We caught up with Lee Timmins, Senior Vice President at Atos Consulting to find out about life as a consultant, Atos's success at the MCA Awards and what they have been learn from the British cycling team.
How did you become a consultant?
As a line manager in manufacturing and supply chain, I worked with several consulting firms and liked the focus on performance improvement that they brought. I decided to try it for myself to broaden my experience – the plan was for just 3 years and yet here I still am!
Atos won two awards at the MCA awards, what makes those projects stand out as great consulting work?
Both projects delivered tangible and significant outcomes. Our approach at Atos is wherever possible to stay with clients until results are delivered and both projects are good examples. Also the subject matter and context for both projects were extremely challenging, one dealing with NHS reforms at the coal face and the other dealing with the aftermath of a national tragedy.
You won the overall Project of the Year for your work with the Hillsborough Independent Panel, how did you manage to establish trust with the families involved considering the levels of emotion surrounding the issue?
It was much more about our approach and the way things were done rather than what we did. All interactions and communications were carefully considered and planned, face to face wherever possible, respecting the ethos that the Panel and the Secretariat had put in place. Good case management technology also helped us to collaborate on documents, supporting the feeling of transparency.
Atos is about to release a report entitled ‘Marginal Gains – Maximising the performance of your most valuable workers’ which is based on performance improvement adopted by the British cycling team during the Olympics? What can you tell us about it?
Knowledge workers represent about 60% of the national wage bill and yet there has been relatively little progress on work design to improve performance in that role for many professionals. In fact in many cases we see the absence of work design.
Our research says that roughly 50% of professional workers feel that they can be up to 50% more productive if they were able to adopt a structured approach to improving the most important aspects of their work (such as skills, communication, collaboration, access to information, the work environment etc).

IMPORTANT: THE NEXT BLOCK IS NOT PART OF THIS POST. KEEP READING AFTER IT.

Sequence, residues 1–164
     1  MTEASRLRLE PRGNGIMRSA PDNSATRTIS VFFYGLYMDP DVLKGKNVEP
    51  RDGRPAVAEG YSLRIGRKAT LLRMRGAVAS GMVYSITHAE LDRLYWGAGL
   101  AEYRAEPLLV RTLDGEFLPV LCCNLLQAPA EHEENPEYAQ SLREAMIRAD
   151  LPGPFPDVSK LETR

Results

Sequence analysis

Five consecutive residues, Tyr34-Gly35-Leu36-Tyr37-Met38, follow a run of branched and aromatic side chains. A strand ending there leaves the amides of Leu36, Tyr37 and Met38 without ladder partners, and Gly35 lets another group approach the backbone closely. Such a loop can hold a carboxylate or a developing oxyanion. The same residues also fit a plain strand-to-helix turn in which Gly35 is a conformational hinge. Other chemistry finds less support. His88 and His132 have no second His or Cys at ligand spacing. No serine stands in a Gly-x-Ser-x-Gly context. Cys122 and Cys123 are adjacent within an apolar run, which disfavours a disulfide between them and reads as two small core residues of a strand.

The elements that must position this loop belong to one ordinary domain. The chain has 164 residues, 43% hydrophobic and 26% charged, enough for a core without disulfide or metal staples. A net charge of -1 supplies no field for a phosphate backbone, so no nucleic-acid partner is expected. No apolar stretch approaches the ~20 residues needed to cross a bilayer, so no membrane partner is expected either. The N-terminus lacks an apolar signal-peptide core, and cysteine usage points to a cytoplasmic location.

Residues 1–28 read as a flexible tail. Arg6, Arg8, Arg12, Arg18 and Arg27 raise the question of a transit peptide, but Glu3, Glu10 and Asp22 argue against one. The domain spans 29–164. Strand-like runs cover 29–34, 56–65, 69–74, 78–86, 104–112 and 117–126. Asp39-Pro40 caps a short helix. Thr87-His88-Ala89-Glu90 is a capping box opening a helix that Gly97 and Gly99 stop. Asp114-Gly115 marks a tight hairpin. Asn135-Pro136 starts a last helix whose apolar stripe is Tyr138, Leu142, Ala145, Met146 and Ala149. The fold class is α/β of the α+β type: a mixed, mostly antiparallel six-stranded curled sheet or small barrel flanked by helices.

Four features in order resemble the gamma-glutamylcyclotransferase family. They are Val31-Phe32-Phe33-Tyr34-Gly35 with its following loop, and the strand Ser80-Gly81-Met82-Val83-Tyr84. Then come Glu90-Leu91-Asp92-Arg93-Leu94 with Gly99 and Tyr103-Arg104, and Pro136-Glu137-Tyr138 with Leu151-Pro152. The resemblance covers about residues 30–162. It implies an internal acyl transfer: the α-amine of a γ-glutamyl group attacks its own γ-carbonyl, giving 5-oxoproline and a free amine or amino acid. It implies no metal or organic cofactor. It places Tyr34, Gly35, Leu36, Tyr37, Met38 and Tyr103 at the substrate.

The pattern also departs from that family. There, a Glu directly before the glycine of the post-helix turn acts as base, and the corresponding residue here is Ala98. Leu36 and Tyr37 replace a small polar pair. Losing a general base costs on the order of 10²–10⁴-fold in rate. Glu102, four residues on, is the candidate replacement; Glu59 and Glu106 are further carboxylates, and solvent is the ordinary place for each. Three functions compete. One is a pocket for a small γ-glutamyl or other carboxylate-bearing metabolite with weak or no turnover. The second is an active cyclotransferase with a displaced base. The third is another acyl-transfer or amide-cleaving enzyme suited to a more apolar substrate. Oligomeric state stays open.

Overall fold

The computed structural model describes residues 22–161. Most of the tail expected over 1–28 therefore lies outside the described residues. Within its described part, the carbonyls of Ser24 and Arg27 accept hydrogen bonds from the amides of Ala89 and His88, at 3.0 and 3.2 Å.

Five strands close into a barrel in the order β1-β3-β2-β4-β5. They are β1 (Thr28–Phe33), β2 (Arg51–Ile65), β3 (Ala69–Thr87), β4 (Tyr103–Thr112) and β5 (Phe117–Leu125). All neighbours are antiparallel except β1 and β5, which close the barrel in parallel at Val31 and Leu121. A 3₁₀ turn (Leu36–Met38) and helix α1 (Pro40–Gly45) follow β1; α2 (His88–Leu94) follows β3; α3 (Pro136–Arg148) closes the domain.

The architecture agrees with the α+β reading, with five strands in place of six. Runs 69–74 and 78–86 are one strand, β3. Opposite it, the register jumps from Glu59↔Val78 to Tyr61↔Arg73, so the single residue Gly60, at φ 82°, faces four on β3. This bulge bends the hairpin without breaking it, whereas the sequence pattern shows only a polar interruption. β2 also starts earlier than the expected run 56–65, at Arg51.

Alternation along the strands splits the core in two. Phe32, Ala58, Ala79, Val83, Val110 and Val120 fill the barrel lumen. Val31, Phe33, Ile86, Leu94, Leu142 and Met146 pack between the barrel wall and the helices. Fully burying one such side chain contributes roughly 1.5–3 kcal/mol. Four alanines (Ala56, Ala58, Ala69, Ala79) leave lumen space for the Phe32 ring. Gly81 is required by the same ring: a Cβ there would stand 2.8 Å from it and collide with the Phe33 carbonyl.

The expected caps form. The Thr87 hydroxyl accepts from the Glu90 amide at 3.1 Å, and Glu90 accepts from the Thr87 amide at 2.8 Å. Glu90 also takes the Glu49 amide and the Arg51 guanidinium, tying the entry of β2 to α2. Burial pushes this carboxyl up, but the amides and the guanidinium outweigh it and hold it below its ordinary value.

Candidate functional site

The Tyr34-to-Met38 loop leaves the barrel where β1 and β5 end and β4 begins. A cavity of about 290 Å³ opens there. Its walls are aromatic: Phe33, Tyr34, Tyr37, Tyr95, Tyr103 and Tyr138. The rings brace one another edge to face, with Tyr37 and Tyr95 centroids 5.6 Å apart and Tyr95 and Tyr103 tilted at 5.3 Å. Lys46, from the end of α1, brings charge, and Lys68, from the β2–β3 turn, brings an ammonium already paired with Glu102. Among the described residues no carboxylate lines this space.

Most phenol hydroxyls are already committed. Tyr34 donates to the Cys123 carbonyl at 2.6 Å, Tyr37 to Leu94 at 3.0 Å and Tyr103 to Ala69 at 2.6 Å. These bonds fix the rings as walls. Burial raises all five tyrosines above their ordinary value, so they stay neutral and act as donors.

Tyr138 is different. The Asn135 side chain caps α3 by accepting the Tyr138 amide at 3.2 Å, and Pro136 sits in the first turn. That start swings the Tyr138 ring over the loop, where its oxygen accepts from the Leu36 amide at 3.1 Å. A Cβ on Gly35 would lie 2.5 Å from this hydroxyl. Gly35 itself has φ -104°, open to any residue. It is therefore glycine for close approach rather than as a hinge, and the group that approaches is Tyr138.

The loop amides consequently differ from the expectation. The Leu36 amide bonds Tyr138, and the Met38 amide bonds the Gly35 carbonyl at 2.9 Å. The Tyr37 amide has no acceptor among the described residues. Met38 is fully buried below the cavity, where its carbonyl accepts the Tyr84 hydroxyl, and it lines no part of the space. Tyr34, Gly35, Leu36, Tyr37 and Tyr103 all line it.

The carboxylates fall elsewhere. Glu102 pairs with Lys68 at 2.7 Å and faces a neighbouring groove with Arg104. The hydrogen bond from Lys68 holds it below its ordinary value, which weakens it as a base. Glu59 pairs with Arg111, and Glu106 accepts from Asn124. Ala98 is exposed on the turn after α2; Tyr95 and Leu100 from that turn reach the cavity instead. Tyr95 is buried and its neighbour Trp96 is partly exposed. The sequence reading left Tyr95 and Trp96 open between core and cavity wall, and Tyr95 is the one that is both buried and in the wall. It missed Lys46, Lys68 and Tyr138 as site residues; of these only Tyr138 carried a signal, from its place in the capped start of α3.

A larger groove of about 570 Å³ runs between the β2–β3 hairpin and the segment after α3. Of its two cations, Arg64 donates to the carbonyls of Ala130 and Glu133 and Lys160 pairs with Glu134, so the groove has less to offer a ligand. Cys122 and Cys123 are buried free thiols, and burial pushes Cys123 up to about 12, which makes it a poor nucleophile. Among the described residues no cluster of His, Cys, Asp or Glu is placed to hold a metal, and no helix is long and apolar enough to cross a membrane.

Our concept borrows heavily from the sporting world where the aggregation of marginal gains across the many factors which impact on the performance of an athlete can have a dramatic effect. Applying this concept in business is experimental. We are trialling it internally with our consultants to prove the concept before we take out widely to clients
It also raises questions for managers of professional staff (like me!). How many of us see ourselves as a coach, working tirelessly to improve the performance of our team?
What has changed in the time that you’ve been a consultant?
The industry went through some very tough times post 2008 and this forced many of us to really examine value propositions for clients. These days consultants must be even more paranoid about staying relevant, bringing genuine innovation and delivering value for money. Clients are quite rightly demanding more and we have to step up.
What does the future hold for Atos?
We are growing quickly at the moment and we expect that to continue for the foreseeable future and so bringing new people into the organisation is a big focus for us. Much of our recent growth is driven by new and innovative solutions for clients and we will keep our focus on this, especially around the digital agenda.
What is your advice for anyone in their early years in the industry?
Learn! Consulting has always provided fantastic opportunities for young people to broaden their skills. In Atos we encourage all consultants to make progress with learning and development goals, especially those new to the industry. And technology is changing the world for our clients ever more quickly which means we have a lot to stay on top of.